One good starting source for this type of data comes from Facebook’s Audience Insights. A week ago, we took a peek at Facebook’s audience insights to get a true sense of what Take That’s American fanbase looked like on Facebook. Here is an audience profile (created from Facebook’s “Audience Insights”) of the Take That fan in the US.

Take That - demographic profile

The snapshot reveals that there at least a 100,000 active American Take That fans on facebook alone. This does not mean that there are a 100,000 ticket buyers for a Take That concert but it means that even a moderate fraction of this number is fairly substantial and could potentially justify a tour. But this is 100,000 active fans across the US. To say this number justifies a show in the US assumes that people are willing to travel within the country to attend a show – and that very well might be true but certain assumptions would have to be made to model out the demand in the few locations that Take That could potentially perform at. For the sake of argument, let us assume that around 90% of these folks are potential ticket buyers, that gives us a US market size of 90,000 ticket buyers.
Now, the next question becomes where in the US Take That could potentially perform AND get a large enough crowd to be profitable. The snapshot below shows a geographical breakout of Take That’s fanbase in the US.

Take That - top US cities

There appears to be no concentration of the fanbase. It is pretty dispersed with a maximum of 8% being based in Houston. This is a noteworthy surprise. One would expect this fanbase to be predominantly in the country’s media centers and nowhere else. Assuming that the 90,000 ticket buyers have the same geographic breakdown shown in the snapshot above, one could expect the following turnouts for a Take That show in the following cities:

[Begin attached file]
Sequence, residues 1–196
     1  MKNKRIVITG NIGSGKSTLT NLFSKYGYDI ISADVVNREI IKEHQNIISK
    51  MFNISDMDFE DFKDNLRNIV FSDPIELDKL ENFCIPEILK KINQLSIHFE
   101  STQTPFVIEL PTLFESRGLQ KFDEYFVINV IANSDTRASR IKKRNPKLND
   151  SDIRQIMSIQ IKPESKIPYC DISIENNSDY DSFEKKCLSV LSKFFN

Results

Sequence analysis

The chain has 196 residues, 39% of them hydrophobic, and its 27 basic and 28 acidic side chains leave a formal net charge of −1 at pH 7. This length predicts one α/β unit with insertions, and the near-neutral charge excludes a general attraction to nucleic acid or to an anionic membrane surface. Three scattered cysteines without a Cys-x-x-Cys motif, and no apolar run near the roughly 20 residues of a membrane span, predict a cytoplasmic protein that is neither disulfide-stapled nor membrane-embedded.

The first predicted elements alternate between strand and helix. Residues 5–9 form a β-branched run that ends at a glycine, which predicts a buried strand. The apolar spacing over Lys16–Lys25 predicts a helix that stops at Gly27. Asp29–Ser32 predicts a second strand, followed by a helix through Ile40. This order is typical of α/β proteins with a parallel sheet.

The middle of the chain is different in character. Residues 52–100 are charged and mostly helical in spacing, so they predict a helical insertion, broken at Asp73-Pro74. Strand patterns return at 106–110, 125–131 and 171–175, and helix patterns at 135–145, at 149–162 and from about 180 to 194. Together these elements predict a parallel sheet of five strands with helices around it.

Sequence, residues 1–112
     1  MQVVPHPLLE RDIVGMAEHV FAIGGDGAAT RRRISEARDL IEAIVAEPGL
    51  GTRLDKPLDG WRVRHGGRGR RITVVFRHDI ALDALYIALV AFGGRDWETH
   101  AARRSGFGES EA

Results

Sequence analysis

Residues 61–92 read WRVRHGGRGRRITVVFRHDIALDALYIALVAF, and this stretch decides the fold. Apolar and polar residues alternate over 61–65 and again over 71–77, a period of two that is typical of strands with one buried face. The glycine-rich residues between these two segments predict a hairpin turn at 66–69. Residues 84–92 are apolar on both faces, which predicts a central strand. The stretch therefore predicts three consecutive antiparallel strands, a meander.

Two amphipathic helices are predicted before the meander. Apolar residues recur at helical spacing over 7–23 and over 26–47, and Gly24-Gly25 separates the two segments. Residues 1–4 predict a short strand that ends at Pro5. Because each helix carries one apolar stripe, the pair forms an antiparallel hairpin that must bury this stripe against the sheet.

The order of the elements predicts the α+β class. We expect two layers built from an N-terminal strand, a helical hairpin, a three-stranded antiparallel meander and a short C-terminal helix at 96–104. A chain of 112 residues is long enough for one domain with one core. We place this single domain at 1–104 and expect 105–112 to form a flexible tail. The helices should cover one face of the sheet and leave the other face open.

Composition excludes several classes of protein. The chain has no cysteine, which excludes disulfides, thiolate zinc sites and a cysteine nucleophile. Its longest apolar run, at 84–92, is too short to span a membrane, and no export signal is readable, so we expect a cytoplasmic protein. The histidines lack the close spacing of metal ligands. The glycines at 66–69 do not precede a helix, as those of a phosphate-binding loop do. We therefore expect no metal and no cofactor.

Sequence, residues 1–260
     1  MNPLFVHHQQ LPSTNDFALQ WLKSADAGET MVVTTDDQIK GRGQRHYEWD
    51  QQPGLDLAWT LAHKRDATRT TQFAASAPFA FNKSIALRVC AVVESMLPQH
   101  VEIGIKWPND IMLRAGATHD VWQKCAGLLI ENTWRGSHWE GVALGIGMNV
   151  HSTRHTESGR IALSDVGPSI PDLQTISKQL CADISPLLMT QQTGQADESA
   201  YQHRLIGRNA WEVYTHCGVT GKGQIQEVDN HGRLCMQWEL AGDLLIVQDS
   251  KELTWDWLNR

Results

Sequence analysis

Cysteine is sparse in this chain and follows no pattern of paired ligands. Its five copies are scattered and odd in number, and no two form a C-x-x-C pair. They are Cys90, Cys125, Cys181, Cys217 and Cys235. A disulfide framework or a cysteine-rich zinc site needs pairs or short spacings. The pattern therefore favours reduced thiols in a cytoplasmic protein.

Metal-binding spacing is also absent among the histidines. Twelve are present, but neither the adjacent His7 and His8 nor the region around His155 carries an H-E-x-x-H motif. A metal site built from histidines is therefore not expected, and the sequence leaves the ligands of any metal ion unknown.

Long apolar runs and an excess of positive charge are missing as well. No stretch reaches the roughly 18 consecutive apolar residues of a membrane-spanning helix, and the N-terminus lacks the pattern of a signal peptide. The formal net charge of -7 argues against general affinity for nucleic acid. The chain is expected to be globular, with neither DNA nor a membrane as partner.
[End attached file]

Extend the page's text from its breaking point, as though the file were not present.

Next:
Houston: 7200 tickets

New York City: 6300 tickets

Los Angeles: 6300 tickets

A 5000-seat venue is the bare minimum for a Take That show to be viable. It must be emphasized that this would be a pure music show with no theatrics of the sort that Take That is known for in their stadium performances. In a nutshell, a Take That mini-tour is absolutely viable in the US – with a focus on Houston, New York City, and Los Angeles guaranteeing a positive return on investment. The demand numbers above assume that no one will travel from other cities within the US to watch Take That – which we can safely say is a false assumption. Odds are, people WILL travel from other cities to watch one of the greatest live pop acts.

RONAN KEATING:
Here is an audience profile (created from Facebook’s “Audience Insights”) of the Ronan Keating fan in the US.

RonanKeating-demographicprofile

The snapshot above reveals that the overall market demand is substantially lower than that of Take That. The lower number of 35,000 American fans is the universe of ticket buyers that Ronan Keating’s record label has to work with. Let us assume that of this universe, 32,000 of these fans are potential ticket buyers. More importantly, let us assume that this mass of 32,000 fans is split geographically based on the location profile below for Ronan Keating fans.

RonanKeating-cityprofile

 

This snapshot is noteworthy because of Ronan Keating’s San Diego fanbase – which appears to be larger than that of any other fanbase in the country of his. Based on the stats above, here is the demand for Ronan Keating in the following cities:

San Diego: 4480 ticket buyers

Chicago: 2560 ticket buyers

Los Angeles: 2560 ticket buyers

For Ronan Keating, anything less than a 2000-seat venue might not really work or have a positive ROI. Despite the demand for Ronan Keating being substantially lower than that of Take That, there is commercial viability for a limited number of shows in the US for Ronan Keating. Some critics might say that we have not factored in costs and pricing of tickets and hence there is a very basic gap in our assessment of commercial viability. As we had stated earlier, the shows will be centered around music – no dancers, no special effects, no theatrics. We have used the viability of comparable artists playing in venues that can hold between 2000 and 10,000 people and are assuming that the pricing for Take That and Ronan Keating’s shows will be similar to that of those shows.